Speaking out against the “willful ignorance” of the Obama regime, former director of the Defense Intelligence Agency (DIA) leader Army Lieutenant General Michael Flynn stated the obvious when is comes to the US’s schizophrenic foreign policy. “We should stop, take a deep breath, step back and look at everything that’s going on.” While the White House appears to see a light at the end of a tunnel, Flynn says it’s nothing more than a mirage. “The tunnel (the White House sees) that’s going to walk the US into a new level of nirvana,” Flynn said. “I don’t know what else to call it and in fact that light is not going to expose the US to some new world.”
The general suggested that the Middle East is completely broken and a new region is struggling to be born. Evidenced by the fact that Iran’s influence is on the march in Syria, Iraq, Lebanon and now Yemen.
The former intelligence director concluded that the mere “idea of dealing with Iran, who has ballistic missiles, is a state-sponsor of terror” is ludicrous. “To negotiate a nuclear deal is perplexing.” After a distinguished 33-year career in the Army focusing on intelligence, General Flynn offers his former boss some advice. “I’d tell the president to stop all engines (on) what we’re doing because it’s not going in the right direction.”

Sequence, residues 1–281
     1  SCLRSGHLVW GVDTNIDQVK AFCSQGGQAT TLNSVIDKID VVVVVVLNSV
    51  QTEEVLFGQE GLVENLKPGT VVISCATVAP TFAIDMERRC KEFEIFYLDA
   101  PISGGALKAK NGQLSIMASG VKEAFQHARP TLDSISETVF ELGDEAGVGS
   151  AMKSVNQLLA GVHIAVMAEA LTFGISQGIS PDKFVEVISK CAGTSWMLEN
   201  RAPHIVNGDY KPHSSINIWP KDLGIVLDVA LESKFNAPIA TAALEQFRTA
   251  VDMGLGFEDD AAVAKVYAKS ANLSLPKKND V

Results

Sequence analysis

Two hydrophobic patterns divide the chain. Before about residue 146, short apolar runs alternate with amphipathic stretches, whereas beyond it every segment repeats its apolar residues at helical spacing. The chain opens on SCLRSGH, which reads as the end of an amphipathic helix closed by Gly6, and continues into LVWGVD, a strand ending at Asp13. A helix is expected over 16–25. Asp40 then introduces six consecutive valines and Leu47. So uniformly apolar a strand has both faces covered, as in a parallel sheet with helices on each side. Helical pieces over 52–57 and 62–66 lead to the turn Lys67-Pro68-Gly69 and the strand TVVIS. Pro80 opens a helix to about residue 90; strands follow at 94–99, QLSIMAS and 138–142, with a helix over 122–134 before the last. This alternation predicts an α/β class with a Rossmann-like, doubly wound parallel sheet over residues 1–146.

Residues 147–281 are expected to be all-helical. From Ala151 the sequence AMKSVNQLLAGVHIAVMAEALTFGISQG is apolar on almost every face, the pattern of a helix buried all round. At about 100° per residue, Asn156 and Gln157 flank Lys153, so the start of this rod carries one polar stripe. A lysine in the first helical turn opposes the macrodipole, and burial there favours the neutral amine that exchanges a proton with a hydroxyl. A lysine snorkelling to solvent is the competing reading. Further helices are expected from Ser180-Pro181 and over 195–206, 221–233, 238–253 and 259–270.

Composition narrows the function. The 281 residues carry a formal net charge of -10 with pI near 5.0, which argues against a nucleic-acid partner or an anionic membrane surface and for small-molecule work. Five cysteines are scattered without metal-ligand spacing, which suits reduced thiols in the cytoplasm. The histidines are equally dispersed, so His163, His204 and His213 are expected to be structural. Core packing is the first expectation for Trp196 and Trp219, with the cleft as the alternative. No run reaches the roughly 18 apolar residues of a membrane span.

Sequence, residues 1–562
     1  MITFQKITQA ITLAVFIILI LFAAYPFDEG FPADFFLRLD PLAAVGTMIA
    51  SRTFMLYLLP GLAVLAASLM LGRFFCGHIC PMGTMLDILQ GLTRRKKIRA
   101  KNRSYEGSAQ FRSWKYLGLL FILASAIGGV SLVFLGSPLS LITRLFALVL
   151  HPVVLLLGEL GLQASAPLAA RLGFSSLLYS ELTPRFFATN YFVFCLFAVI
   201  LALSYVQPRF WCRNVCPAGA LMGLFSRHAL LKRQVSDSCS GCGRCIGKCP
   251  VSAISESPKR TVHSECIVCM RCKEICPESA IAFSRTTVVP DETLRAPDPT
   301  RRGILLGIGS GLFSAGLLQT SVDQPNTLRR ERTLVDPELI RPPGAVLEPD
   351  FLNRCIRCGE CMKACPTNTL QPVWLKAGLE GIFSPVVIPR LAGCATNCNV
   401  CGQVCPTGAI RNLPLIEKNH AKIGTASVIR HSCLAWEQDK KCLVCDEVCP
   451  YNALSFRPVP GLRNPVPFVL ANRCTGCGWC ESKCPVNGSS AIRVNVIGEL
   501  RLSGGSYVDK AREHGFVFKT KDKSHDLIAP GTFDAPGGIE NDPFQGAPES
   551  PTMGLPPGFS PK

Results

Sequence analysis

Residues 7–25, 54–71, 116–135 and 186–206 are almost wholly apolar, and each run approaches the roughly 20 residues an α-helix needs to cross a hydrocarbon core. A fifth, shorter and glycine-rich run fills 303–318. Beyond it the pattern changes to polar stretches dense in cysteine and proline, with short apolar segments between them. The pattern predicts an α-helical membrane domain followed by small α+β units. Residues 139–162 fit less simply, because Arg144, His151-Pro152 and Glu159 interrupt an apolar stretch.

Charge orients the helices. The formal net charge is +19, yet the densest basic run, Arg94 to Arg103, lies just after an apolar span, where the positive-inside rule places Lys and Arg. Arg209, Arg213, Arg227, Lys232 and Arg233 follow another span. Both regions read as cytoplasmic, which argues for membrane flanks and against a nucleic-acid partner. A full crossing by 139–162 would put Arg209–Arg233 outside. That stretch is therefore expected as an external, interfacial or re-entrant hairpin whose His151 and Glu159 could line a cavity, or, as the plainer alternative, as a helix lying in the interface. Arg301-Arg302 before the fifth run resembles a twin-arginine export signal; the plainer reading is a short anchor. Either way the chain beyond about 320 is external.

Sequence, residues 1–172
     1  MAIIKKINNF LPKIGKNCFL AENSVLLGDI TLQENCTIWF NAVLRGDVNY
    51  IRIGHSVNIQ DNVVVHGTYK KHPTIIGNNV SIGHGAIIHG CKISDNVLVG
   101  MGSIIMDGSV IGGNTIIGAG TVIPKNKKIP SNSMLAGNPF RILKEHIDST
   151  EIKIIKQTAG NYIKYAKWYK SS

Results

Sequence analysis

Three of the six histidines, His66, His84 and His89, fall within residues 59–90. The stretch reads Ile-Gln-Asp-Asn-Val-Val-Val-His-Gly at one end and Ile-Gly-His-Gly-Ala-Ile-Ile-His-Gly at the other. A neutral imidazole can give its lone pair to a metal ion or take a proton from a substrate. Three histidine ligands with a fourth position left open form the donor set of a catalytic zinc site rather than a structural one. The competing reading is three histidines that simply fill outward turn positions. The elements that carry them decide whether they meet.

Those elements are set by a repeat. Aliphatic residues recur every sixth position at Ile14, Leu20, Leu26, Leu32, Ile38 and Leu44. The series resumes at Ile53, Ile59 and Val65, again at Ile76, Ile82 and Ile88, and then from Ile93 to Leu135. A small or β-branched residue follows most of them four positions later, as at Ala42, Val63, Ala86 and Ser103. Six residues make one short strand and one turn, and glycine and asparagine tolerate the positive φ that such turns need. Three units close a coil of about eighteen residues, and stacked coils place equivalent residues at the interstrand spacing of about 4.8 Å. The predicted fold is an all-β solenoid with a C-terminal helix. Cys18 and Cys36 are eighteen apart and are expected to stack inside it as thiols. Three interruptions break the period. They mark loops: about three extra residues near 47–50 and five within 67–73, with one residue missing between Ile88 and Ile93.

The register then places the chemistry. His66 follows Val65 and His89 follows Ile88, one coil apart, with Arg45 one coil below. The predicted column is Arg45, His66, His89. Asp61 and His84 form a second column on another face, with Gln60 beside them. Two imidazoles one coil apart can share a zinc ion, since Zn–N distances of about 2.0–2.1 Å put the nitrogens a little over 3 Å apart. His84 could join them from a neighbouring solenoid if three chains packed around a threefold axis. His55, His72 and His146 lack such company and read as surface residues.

Concurring with the general’s assessment on the Middle East is Obama’s former ambassador to Iraq James Jeffery who simply said, “We’re in a goddamn free fall here.”
The escalating sectarian violence prompted several Gulf countries to piece together a military ground force to combat Iran’s expansion and other troublesome terror groups. Leaders of Jordan, United Arab Emirates, Saudi Arabia and Kuwait adopted a resolution to study the issues. “Assuming the great responsibility imposed by great challenges facing our Arab nation and threatening its capabilities, the Arab leaders had decided to agree on the principle of a joint Arab military force,” Egypt’s President Abdel Fattah al-Sisi said a weekend summit. The outspoken leader has assumed a large part of the responsibility when it comes to fighting radical Islam and denouncing its religious fanaticism.
Recognizing the tumultuous sectarian Sunni verses Shia violence has the propensity to embroil the region in Muslim version of regional war. Even Arab League chief, Nabil al-Arabi acknowledged the danger that ISIS poses to the region and said ISIS would continue to spread beyond the traditional battlefields or begin real proxy wars.
Read the previous story: Yemen moves to join Libya and Syria league of dysfunction